Belarus is being engaged in launching a new front in Ukraine’s war, which might compel Kyiv to shift resources and focus away from its counteroffensives in the country’s east and south. Belarus’s President, Alexander Lukashenko, announced on Monday that his soldiers will join Russian forces along the Ukrainian border, accusing Kyiv and its western backers of planning an attack on Belarus. Two days after visiting Russian President Vladimir Putin in St Petersburg, Lukashenko announced the deployment. Kyiv, according to Zelenskiy, has no intentions to strike Belarus. Russia exploited Belarus as a staging area for its February 24th war, moving hundreds of troops across the border to attack Kyiv and firing missiles from Belarusian air bases into Ukrainian targets. Ukraine’s borders were allegedly under attack from Russian forces in Belarus to the north and Crimea to the south, near various Ukrainian cities including Kyiv, Kharkiv’s second biggest city, Odesa, and distant shooting from Zaporizhzhya. Engaging Belarus in the war will certainly open a new front in the Ukraine war.

Russian New General and Plausible New Escalation

Russia intends to deploy 500,000 extra troops beginning in mid-January, much more than the 300,000 soldiers it recruited in September. So far, Russia claims that 150,000 of those troops have been delivered to Ukraine.Besides, Russia named a new general in command of the Ukraine conflict, replacing its predecessor after only three months. This might indicate that Russia is preparing to intensify its conflict. Russia’s new commander in Ukraine has inherited a poisoned chalice, making him likely to deepen the conflict as Russia attempts to recover from a run of military failures. The ministry portrayed Gerasimov as taking on a new role with even more authority over Russia’s conflict in Ukraine.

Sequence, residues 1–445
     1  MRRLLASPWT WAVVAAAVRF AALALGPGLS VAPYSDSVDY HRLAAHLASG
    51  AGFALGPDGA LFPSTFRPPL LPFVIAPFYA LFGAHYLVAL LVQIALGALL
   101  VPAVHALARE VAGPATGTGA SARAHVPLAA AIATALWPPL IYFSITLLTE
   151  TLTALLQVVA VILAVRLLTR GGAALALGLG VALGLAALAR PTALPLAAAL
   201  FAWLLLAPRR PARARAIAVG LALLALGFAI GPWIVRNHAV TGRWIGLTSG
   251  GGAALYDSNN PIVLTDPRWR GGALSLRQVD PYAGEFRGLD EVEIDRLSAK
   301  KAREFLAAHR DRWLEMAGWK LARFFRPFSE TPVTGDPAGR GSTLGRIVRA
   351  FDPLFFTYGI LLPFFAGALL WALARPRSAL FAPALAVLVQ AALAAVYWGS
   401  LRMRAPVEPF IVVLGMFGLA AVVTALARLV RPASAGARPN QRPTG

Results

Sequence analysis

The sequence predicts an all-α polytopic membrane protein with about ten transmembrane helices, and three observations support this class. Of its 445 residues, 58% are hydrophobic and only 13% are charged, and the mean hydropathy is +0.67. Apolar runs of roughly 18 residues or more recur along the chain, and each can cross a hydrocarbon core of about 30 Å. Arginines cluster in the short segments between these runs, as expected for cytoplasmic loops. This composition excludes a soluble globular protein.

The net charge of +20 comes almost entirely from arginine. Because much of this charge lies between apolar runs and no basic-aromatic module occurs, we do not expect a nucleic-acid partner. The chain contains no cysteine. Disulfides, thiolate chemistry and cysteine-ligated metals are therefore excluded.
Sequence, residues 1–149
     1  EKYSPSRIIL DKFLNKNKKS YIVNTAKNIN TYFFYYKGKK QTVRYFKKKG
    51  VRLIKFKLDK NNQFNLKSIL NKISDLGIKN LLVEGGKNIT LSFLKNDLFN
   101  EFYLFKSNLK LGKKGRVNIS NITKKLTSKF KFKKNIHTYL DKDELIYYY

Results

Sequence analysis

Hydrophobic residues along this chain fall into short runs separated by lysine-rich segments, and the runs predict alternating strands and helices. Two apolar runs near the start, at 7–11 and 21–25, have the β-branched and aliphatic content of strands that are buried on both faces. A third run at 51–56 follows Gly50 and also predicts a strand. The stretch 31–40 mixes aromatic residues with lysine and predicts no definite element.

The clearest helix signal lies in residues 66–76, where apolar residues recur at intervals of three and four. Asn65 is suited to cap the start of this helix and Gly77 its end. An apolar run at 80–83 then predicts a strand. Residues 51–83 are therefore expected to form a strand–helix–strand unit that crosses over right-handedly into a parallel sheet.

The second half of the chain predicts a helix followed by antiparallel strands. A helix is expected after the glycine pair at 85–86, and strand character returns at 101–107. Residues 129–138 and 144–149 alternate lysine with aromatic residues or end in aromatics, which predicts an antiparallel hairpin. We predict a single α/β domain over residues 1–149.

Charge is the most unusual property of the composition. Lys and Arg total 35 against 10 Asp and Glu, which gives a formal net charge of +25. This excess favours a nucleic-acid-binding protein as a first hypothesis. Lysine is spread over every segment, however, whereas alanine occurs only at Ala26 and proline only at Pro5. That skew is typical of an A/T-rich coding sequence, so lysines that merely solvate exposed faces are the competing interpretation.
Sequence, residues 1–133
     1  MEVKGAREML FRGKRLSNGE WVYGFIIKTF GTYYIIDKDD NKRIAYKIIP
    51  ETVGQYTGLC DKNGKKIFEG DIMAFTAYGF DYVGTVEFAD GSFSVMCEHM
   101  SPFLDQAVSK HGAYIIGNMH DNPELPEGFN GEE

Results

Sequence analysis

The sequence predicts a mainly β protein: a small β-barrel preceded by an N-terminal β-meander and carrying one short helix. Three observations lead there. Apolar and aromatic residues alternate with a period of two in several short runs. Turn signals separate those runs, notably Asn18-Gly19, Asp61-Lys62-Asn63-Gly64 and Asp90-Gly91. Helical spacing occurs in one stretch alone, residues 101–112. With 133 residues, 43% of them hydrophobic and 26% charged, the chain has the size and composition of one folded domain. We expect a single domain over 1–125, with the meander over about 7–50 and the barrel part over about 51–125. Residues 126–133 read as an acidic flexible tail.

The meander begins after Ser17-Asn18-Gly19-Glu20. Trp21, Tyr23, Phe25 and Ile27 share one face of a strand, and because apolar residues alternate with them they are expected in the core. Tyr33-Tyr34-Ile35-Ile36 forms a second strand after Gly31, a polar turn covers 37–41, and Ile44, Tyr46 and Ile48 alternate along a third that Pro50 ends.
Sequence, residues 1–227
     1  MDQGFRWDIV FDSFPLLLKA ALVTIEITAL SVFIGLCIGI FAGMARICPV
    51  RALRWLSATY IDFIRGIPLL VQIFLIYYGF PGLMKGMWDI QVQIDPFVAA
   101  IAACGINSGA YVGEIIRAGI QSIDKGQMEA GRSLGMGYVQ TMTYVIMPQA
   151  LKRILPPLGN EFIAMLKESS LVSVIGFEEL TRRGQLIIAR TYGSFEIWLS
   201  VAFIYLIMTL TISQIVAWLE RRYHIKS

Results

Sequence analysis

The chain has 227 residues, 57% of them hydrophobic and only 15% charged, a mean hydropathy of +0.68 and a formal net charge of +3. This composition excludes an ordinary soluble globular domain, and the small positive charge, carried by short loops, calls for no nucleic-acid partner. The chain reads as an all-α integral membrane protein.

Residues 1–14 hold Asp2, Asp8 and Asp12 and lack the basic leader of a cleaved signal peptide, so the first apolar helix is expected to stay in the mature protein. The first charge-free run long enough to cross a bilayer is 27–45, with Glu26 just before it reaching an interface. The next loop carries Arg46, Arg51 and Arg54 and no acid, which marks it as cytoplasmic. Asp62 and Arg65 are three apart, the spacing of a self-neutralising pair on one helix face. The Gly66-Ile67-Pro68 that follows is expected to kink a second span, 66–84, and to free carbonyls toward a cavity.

His appointment, coming after months of Russian defeats, might indicate that Russia is about to step up its attempts to wrest triumph from defeat. Gerasimov has greater access, power, and resources at his disposal than any other subsidiary commander. This might entail increasing levels of violence, more cooperation, and a full-scale, all-out war on all fronts. Gerasimov is said to have been one of the military officers who devised Russia’s original invasion strategy.  The November missile strikes against Kyiv and other Ukrainian cities as well as orchestrated gas and oil leaks on European pipelines have been deeply painful for Ukraine but the winter doesn’t go as harshly as Putin expected. Ukraine has survived the first phase of the war better than both supporters and detractors expected. Russia has failed to realize its military aspirations, and the tide has begun to turn in Ukraine’s favor in recent months. he needs a win or his career will end in shame. As the conflict drags on with no apparent conclusion in sight, fierce fighting is likely to restart in early spring. Putin has previously used a variety of escalators tactics to destroy Ukrainian resilience and hope.

It is largely unlikely that Russia will fully retreat from the war as Vladimir Putin has grown so involved in the Ukraine conflict that he is making operational and tactical choices. He, on the other hand, is personally engaged in the battle and cannot afford to lose. Even if Russia pulls out from Ukraine, there is no chance for Russian disintegration which the West is silencing as part of its war strategy. Meanwhile, Ukraine is now well-equipped to hold its current leverage in the war but is not yet in a position to conclusively win the war. Besides, if the opposite happens or the war prolongs for years, then how would Ukraine and the transatlantic onslaught survive? Europe is already undergoing a cost-of-living crisis. The skyrocketing energy crisis, global inflation on the flip side, and increasing military expenditure left the west between the devil and the deep sea. In that regard, both are destined to pay heavy prices if the stalemate isn’t over. Thus, the fate of the Ukraine war this winter and the spring offensives will be critical in determining the course of the conflict in 2023.